The 66-year-old star has blasted Britain’s historic ties to the slave trade and the empire, and she called on the monarchy to issue an apology amid widespread criticism over its past links.
Appearing on The View this week, she said: ‘Britain ran ram shod over India for years… Let us not forget, when we talk about what needs to happen, all the folks that need to apologise.
‘Listen, this is not new. I suspect Charles, when he was in Barbados, had some idea because he went on and apologised as he was releasing the hold that Britain has.
‘So perhaps somebody is listening, and it’s the new group of folks – I don’t know if it’s Charles, William, but one of them.’
Her comments come after Prince William described the slave trade as ‘abhorrent’ and expressed ‘profound sorrow’, but he did not directly apologise for the Royal Family’s role in it.
The Duke and Duchess of Cambridge were met with protests when they arrived in Jamaica, which has ‘already started’ the process of removing the Queen as head of state.
Members of the country’s Rastafarian community accused the royals of benefiting from ‘blood, tears and sweat’ of Jamaican people.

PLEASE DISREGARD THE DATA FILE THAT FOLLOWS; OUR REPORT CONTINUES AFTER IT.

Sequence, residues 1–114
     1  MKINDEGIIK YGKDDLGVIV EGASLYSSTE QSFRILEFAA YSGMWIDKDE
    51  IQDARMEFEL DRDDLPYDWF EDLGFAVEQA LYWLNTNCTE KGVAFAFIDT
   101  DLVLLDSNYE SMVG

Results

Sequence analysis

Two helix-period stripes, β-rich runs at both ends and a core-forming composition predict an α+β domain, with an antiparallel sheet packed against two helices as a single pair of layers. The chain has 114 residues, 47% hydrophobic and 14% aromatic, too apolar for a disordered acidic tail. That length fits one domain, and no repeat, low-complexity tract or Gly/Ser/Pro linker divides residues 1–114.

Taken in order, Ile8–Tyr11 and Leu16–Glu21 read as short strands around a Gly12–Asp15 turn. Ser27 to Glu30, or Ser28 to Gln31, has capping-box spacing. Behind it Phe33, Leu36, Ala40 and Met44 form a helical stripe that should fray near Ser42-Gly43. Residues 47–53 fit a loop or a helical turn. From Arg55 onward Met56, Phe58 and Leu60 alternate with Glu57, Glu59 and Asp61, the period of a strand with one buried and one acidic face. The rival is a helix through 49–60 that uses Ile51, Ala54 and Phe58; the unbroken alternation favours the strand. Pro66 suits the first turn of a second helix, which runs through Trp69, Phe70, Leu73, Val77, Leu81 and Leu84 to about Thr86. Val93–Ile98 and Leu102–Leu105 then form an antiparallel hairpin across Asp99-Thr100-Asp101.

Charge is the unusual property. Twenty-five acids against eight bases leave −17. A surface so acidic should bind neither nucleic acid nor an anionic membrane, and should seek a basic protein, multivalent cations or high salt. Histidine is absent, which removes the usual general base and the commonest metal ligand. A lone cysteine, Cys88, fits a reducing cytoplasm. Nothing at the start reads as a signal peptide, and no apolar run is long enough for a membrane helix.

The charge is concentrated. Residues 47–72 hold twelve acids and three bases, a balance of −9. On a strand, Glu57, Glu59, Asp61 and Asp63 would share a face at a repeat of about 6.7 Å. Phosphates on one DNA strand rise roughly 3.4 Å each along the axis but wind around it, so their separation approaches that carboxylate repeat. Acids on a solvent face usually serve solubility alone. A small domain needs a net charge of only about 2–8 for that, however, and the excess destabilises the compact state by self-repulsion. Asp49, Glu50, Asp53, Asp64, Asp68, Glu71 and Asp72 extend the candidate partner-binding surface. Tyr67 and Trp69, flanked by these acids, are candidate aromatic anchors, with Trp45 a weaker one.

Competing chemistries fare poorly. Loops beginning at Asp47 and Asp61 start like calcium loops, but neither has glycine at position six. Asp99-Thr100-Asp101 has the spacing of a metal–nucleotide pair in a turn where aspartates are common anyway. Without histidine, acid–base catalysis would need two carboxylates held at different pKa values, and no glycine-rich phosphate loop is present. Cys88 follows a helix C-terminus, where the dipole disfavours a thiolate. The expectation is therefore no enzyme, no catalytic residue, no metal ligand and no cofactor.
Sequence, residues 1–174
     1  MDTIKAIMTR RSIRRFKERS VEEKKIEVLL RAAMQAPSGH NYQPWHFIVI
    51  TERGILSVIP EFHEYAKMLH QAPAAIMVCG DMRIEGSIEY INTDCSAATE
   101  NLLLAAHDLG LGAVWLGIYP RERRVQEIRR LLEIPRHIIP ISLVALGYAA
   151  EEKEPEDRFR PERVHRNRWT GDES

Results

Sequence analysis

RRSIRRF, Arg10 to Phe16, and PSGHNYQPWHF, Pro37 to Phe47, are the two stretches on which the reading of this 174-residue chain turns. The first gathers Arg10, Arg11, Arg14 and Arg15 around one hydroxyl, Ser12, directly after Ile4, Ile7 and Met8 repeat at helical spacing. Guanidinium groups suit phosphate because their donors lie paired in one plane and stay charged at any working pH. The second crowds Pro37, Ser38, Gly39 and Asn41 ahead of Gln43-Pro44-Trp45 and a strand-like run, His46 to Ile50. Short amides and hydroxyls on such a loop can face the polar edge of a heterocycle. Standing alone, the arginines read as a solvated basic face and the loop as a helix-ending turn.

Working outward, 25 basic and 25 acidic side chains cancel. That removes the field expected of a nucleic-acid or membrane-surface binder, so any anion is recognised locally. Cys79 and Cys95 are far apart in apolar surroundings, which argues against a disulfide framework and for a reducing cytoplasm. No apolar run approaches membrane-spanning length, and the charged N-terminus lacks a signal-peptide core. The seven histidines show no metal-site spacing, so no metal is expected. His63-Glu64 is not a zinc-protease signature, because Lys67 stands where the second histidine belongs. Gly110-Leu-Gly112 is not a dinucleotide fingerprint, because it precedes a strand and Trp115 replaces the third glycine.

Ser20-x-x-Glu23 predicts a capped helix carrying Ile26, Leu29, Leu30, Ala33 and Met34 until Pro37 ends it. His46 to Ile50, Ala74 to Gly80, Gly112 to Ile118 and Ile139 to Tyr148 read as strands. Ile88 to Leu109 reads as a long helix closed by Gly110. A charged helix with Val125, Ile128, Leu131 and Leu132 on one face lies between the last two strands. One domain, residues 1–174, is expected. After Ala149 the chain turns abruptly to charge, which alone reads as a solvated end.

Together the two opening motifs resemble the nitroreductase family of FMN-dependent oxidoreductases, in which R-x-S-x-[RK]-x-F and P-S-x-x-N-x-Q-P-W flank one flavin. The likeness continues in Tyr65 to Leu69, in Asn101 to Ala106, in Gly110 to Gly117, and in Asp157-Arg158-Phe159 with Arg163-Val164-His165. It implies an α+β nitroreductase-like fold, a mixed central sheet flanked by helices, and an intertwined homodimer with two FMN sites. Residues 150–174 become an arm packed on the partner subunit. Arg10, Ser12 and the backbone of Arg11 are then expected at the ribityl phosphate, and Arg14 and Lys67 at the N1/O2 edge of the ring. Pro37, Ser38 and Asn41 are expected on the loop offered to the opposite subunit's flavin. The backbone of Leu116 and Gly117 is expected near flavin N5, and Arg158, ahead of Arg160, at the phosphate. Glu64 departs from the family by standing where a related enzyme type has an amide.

During his speech at a dinner on the fifth day of the couple’s Caribbean tour, William addressed the forced transportation of millions of people from Africa to the Caribbean and North America – a trade British monarchs either supported or profited from during the 17th and 18th centuries.
He echoed past speeches by his father Prince Charles as he referred to the slave trade as an ‘appalling atrocity’ that ‘stains our history’.
However, the future king didn’t offer a direct apology, in a similar way Charles addressed the issue during a recent trip to Barbados.
William said: ‘I strongly agree with my father, the Prince of Wales, who said in Barbados last year that the appalling atrocity of slavery forever stains our history.
‘I want to express my profound sorrow. Slavery was abhorrent. And it should never have happened. While the pain runs deep, Jamaica continues to forge its future with determination, courage and fortitude.
‘The strength and shared sense of purpose of the Jamaican people, represented in your flag and motto, celebrate an invincible spirit.’